In a controversial move that sparked immediate backlash from the White House and U.S. Treasury Secretary Janet Yellen, Fitch Ratings lowered the United States’ debt rating from AAA to AA+ on Tuesday.
The downgrade, which officials are labeling as “bizarre and baseless,” has opened up a fresh debate on the fiscal policies, governance standards, and the underlying reasons for this unexpected decision by one of the largest credit rating agencies in the U.S.
The rating downgrade by Fitch reflects a grim forecast of fiscal deterioration over the coming three years. Citing a “high and growing general government debt burden,” Fitch expressed its concerns over the erosion of governance standards, particularly in relation to debt limit standoffs and last-minute resolutions.
These governmental challenges have been a recurring theme over the last two decades. According to Fitch, the political quagmires surrounding the debt ceiling and the eleventh-hour solutions have severely undermined confidence in fiscal management.
The agency highlights a consistent decline in governance standards over the last 20 years. They also expect the general government deficit to rise to 6.3% of GDP in 2023, up from 3.7% in 2022.
This prediction takes into account weaker federal revenues, new spending initiatives, and an increased interest burden.
Despite the previous negative watch placed on the country’s credit rating due to the debt ceiling fight in Washington, Fitch has now removed that designation, assigning a “stable outlook.”
A strong rebuttal from the White House and Yellen
The downgrade has not gone unnoticed or unchallenged. White House officials, including President Biden’s administration, have vehemently disagreed with the downgrade decision.
The governance issues, they argue, were a product of former President Trump’s administration, making Fitch’s current move both untimely and unfounded.
White House Press Secretary Karine Jean-Pierre openly expressed the administration’s disapproval, pointing out that the rating model used by Fitch had declined under President Trump but improved under President Biden.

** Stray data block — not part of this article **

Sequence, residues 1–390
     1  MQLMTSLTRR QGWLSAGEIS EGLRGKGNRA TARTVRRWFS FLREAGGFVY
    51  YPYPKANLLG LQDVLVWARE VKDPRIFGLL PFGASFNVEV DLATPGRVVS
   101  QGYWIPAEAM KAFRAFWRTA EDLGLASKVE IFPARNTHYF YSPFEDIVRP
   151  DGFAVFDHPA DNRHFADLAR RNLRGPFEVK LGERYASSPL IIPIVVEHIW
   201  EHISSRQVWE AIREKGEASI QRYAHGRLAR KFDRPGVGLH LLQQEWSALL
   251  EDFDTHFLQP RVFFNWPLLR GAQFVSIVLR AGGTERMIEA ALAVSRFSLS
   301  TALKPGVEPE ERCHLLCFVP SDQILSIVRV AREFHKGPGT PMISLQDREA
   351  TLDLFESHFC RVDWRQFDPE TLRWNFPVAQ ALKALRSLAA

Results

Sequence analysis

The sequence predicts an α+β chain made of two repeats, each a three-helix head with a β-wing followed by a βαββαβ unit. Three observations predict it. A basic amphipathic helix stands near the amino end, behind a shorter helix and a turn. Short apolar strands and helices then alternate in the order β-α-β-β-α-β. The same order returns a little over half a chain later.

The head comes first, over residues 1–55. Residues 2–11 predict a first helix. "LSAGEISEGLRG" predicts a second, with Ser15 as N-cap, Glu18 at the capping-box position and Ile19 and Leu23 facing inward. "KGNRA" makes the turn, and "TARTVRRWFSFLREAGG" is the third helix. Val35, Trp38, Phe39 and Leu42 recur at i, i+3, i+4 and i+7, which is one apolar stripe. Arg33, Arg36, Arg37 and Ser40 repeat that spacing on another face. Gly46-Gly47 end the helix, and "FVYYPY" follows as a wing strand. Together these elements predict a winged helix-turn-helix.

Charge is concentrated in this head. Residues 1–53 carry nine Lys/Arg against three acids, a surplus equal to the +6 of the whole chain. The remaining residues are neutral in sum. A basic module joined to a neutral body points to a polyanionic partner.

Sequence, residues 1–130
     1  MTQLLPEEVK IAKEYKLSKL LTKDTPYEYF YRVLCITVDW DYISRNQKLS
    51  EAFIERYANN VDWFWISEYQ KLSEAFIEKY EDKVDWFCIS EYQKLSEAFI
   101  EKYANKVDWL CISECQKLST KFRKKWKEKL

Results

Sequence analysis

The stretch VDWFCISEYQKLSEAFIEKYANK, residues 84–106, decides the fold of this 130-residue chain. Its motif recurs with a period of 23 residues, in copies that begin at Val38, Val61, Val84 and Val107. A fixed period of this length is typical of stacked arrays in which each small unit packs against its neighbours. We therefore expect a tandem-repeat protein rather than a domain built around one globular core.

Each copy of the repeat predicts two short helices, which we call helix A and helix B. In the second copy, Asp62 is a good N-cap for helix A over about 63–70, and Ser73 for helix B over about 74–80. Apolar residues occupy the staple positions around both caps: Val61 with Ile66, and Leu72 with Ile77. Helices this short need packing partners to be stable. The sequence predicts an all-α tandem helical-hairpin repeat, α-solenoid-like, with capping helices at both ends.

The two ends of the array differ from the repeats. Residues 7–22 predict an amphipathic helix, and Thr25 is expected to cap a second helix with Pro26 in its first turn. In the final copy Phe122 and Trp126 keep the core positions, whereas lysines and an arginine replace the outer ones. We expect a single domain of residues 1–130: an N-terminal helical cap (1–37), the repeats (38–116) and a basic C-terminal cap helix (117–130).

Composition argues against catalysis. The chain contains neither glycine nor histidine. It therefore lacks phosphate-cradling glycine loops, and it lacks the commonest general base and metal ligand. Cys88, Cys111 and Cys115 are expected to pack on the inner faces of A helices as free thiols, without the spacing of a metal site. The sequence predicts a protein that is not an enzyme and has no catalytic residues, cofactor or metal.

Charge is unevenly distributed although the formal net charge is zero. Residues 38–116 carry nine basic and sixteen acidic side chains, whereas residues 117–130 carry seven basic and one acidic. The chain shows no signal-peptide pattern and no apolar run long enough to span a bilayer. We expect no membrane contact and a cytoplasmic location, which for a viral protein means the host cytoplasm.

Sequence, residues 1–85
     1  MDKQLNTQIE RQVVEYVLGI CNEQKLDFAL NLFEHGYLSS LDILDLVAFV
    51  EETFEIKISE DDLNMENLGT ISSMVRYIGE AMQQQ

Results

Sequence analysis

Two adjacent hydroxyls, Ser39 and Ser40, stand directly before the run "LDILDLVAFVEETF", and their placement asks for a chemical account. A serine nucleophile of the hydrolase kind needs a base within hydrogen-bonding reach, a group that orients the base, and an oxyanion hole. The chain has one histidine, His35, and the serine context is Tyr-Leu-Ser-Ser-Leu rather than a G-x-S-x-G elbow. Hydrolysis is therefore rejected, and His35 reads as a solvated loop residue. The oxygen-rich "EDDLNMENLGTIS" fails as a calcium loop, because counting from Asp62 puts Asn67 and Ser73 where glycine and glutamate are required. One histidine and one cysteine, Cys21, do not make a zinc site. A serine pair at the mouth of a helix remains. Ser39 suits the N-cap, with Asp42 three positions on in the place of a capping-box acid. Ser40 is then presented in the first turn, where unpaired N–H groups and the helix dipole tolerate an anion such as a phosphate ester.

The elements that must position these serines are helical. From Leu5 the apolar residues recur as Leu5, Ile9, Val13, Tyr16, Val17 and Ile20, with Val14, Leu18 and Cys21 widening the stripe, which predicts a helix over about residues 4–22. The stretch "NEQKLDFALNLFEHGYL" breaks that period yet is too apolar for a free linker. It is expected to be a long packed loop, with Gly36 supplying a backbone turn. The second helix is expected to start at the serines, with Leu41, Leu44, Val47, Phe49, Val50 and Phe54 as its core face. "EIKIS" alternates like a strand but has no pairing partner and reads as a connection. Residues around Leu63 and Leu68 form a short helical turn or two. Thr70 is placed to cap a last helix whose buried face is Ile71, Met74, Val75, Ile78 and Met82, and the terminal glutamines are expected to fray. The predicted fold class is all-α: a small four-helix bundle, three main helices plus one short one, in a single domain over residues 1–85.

The downgrade is seen as an irrational action, especially at a time when the U.S. is demonstrating the strongest economic recovery among major world economies.
Treasury Secretary Janet Yellen’s response was equally stern. Describing the change as “arbitrary and based on outdated data,” Yellen challenged Fitch’s rationale, emphasizing that many of the indicators Fitch relies on have shown significant improvements during the current administration.
She alluded to the passage of bipartisan legislation addressing the debt limit, infrastructure investment, and other competitive enhancements as key indicators of progress.
The White House’s vocal dissatisfaction with Fitch’s decision marks a new chapter in the ongoing dialogue about the nation’s fiscal responsibility, governance, and the credibility of rating agencies.
As the reactions continue to pour in, it’s evident that this is more than a mere downgrade in numbers. It’s a statement that has resonated deeply with a government that is determined to shape a robust economic recovery.
Both the White House and Treasury Secretary Yellen’s unwavering stance against the downgrade not only challenges the validity of Fitch’s decision but also underscores a profound disconnect between the rating agency’s view and the administration’s understanding of the nation’s fiscal and governance health.